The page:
Your child is your most precious possession, and you want to ensure he or she is well-cared for. Whatever your feelings about going back to work after baby is born, the fact is most families will place their young child in some sort of childcare. Finding the right setting can be overwhelming, but there are multiple good options to choose from.
Family childcare programs
Most states require family childcare providers to be regulated if they care for more than four children. Criminal records checks are performed and homes are inspected annually. Some family childcares undergo voluntary accreditation with the National Association for Family Child Care (NAFCC), which requires them to meet higher standards and often involves ongoing training in child development. Benefits of a family childcare include keeping children in a home-like environment while giving them the opportunity to play and socialize with other children. While this often is the most affordable option, it's harder to monitor the quality of care the child receives, and there often is no substitute if the provider is sick or on vacation.
All states require childcare centers to be licensed, which sets minimum health, safety and caregiver training standards. Some centers undergo voluntary accreditation with groups such as the National Association for the Education of Young Children (NAEYC), which, like the NAFCC, helps ensure high-quality care and ongoing professional development. Because of their larger size and staff, childcare centers are dependable and better able to offer organized activities or structured curricula to help children learn and develop. They are, however, typically more expensive, can be less flexible with hours, and can have lengthy waiting lists.
Most nannies hired through agencies have some training in caring for young children, but background checks often are limited to references from past employers. Because of the one-on-one relationship they develop with the children, nannies often become like another member of the family, although finding someone compatible and establishing trust can be difficult. While a highly qualified nanny can be hard to find, they give parents greater control over the child's care, and often can provide help around the house in addition to childcare. A nanny may be more flexible, but also may not have backup if they become sick or unavailable.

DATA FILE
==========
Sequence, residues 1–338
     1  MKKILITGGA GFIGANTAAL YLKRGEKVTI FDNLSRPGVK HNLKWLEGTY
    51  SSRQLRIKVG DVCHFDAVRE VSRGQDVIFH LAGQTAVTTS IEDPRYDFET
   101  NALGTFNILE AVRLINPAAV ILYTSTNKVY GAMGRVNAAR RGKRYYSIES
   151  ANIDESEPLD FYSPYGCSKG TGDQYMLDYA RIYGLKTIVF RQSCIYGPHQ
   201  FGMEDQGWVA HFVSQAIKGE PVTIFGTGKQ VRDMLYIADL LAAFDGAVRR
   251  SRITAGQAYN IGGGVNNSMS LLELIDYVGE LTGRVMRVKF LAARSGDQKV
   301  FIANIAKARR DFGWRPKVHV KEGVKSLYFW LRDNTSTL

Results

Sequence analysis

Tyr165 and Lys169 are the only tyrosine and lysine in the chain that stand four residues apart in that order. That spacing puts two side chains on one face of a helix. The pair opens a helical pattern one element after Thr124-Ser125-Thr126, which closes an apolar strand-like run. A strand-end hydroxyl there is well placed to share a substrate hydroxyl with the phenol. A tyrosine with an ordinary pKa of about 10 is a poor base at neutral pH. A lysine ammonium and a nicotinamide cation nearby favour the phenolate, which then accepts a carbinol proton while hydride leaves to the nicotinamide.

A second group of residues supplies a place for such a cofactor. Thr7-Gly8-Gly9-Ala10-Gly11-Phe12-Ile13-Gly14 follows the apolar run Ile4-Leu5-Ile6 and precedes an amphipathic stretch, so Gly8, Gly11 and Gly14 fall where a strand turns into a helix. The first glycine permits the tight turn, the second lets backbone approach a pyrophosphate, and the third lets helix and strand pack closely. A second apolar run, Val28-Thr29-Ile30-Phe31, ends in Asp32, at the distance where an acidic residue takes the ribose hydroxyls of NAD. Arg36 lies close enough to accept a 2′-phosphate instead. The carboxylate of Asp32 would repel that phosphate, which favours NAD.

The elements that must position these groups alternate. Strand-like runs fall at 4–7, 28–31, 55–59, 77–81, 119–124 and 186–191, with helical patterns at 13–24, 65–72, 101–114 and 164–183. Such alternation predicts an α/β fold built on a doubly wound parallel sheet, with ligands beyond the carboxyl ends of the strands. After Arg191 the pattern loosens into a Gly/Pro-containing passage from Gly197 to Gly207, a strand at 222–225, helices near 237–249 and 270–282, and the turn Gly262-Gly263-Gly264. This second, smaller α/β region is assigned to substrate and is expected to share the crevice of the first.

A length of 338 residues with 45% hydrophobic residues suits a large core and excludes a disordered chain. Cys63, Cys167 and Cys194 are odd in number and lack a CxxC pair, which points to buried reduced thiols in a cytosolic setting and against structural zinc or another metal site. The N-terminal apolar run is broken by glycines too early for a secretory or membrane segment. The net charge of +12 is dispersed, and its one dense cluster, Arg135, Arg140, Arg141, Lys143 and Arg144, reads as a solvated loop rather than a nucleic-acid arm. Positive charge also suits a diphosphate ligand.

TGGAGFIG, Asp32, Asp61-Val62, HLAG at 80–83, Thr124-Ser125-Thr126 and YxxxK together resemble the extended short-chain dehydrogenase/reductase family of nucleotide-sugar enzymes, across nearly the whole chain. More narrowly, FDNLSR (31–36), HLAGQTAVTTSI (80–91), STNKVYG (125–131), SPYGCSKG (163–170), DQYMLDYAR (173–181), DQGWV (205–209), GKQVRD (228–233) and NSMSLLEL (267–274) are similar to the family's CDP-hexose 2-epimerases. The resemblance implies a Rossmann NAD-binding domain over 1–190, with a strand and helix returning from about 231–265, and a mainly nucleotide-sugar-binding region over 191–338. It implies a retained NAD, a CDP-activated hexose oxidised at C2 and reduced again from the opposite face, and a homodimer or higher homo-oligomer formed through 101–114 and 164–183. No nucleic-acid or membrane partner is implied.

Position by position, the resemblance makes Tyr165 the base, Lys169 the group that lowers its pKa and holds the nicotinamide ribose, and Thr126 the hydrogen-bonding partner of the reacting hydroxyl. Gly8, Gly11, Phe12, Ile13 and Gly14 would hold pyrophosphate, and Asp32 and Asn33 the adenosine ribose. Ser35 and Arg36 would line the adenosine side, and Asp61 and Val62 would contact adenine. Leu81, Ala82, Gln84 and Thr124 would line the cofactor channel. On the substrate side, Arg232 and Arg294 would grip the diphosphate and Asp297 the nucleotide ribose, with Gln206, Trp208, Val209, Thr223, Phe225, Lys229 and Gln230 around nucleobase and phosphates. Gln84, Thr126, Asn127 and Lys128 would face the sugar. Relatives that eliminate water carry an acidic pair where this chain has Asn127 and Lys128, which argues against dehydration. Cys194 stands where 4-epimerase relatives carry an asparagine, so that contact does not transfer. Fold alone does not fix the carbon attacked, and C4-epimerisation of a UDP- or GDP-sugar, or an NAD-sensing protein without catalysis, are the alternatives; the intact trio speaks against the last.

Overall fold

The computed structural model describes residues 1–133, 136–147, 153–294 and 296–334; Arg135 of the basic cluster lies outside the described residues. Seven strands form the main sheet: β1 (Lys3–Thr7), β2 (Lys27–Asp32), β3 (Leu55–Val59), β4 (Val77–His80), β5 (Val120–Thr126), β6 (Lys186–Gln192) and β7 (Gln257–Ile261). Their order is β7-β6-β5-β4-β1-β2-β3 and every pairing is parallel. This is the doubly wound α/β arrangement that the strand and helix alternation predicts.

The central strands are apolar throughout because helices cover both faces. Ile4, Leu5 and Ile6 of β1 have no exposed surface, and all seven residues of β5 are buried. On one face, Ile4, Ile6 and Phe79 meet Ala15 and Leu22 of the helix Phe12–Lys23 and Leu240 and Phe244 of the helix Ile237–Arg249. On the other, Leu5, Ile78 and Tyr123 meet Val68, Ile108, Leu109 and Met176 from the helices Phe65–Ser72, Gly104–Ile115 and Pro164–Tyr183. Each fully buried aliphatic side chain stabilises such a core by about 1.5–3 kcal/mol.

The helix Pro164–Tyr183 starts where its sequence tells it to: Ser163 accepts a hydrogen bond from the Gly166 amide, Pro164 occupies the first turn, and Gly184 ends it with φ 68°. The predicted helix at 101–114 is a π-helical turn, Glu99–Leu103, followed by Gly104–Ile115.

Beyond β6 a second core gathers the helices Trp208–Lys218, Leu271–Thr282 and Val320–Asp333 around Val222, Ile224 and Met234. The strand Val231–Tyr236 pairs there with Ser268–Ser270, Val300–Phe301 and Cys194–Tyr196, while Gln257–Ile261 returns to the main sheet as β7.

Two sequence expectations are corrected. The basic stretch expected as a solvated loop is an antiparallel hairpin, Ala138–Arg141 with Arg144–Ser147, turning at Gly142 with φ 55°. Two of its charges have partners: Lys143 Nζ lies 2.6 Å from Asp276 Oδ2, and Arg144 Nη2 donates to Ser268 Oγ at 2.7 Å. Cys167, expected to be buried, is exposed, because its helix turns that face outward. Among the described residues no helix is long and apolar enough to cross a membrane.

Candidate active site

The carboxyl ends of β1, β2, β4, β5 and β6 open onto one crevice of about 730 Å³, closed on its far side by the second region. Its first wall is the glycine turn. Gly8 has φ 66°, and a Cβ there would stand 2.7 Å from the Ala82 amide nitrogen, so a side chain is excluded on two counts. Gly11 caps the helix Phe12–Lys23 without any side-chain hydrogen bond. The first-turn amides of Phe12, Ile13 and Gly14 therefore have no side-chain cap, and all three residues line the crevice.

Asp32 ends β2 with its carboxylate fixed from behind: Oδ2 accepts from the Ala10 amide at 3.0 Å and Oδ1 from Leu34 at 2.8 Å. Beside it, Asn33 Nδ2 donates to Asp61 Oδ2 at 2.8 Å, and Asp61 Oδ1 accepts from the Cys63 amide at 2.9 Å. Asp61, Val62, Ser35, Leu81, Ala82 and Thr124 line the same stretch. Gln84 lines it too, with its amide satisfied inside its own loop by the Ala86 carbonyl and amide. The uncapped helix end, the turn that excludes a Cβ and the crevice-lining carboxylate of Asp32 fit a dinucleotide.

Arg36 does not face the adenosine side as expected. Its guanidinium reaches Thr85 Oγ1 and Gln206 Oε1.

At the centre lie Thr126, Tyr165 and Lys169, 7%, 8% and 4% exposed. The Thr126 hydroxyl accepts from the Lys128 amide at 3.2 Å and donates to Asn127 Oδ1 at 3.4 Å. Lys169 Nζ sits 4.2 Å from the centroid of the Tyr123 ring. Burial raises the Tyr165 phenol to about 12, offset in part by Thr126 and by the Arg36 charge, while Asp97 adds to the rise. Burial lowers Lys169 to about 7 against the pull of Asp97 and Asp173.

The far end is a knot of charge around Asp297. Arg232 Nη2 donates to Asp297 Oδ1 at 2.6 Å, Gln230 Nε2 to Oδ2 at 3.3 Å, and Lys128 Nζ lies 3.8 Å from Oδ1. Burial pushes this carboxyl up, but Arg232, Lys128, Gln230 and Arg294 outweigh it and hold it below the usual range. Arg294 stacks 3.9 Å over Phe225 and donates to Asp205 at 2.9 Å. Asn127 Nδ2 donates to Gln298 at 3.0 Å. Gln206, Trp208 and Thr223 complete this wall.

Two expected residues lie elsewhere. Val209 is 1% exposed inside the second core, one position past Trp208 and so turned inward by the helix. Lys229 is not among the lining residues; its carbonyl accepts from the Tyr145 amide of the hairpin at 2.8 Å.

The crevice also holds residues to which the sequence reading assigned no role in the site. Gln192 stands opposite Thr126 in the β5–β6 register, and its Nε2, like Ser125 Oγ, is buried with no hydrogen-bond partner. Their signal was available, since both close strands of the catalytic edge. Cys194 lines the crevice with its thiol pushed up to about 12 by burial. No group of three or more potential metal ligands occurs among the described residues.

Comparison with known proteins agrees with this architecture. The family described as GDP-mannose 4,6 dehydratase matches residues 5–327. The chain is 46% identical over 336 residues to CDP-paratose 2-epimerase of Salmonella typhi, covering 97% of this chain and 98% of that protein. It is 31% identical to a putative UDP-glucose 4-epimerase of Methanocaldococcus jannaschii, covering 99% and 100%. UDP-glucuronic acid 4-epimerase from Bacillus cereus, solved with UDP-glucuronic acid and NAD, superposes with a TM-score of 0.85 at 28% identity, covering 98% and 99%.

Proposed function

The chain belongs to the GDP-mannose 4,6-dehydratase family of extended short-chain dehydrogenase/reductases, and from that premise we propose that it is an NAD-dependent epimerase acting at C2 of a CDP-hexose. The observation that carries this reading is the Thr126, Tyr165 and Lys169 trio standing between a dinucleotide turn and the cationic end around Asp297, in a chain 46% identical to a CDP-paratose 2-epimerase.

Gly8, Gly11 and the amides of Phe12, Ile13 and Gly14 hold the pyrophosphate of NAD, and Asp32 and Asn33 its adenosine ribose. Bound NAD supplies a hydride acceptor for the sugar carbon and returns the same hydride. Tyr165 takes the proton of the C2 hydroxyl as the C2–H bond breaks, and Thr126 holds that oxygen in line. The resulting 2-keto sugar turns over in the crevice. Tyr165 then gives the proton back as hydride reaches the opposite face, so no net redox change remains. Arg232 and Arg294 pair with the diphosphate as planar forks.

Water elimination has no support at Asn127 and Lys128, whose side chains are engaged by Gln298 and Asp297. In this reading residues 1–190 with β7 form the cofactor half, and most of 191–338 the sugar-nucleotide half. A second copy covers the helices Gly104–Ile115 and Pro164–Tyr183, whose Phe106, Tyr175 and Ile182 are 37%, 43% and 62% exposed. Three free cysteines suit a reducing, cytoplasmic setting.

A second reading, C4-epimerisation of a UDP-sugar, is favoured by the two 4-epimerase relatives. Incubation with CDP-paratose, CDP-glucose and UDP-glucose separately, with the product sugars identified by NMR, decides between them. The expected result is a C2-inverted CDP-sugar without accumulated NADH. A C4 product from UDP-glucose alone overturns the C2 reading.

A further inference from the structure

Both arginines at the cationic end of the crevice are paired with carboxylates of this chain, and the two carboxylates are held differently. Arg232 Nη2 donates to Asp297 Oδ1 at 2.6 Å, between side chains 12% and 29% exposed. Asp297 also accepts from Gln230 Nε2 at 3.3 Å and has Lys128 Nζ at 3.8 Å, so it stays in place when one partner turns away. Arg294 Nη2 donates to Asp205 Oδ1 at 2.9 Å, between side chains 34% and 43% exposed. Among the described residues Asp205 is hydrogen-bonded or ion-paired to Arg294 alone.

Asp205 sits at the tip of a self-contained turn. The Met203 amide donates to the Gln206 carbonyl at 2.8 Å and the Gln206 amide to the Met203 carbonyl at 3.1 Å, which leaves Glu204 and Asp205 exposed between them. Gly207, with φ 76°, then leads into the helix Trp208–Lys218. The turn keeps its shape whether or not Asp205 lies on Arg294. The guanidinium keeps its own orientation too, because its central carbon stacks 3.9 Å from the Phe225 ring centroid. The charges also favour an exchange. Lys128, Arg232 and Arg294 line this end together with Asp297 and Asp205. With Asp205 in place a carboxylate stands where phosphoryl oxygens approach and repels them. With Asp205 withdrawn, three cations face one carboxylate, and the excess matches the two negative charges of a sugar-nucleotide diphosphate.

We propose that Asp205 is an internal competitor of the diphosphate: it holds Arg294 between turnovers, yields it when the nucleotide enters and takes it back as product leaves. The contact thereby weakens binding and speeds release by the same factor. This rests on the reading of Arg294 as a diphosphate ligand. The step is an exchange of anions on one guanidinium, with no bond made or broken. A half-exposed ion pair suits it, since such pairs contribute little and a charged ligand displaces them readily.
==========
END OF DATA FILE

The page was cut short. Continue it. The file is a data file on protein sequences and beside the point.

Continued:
Although au pairs are hired through agencies, their childcare training and experience varies. Like nannies, they can be more convenient and flexible, providing one-on-one attention, and assisting with housework. However, they often are younger and far away from home – which may mean more energy and the addition of a new culture or language to the child's experience, but also can result in homesickness or difficulty adjusting for the au pair.
Friends or relatives
Many states do not regulate care provided by relatives, friends and neighbors, though a few require a criminal history check and/or child abuse and neglect clearance, and several require minimal training in health and safety. Families who use this type of care have established relationships with and feel comfortable entrusting their children with these providers even without regulations. While it can be harder to employ and set boundaries with friends or relatives, parents' schedules, budgets or transportation issues may limit alternate childcare options.
Sometimes after evaluating budget, personal goals, and the needs of the child, having a parent stay home turns out to be the best option. Parents may arrange to work different shifts, so one is always available to care for the children, or one may elect to stay home full-time. However, while the stay-at-home parent may not be earning money, caring for children and taking care of the house often is a full-time job. They too may become sick or need time off, so it's still important to consider other options for back-up childcare.
Before baby is born compile a list of childcare traits that are important to you and tour various places. Ask about qualifications and training, be sure staffing is appropriate, and check hours, fees, references and other policies. Are their methods of feeding, education and discipline compatible with what you want for your child? Above all, go with your gut. If you get a bad feeling, keep looking. You want to be confident with your choice.
For more information about childcare options, including checklists to help you rate your choices, go to healthychildren.org or childcareaware.org.■
Eleanor Eichman is a pediatrician at Sixteenth Street Community Health Centers.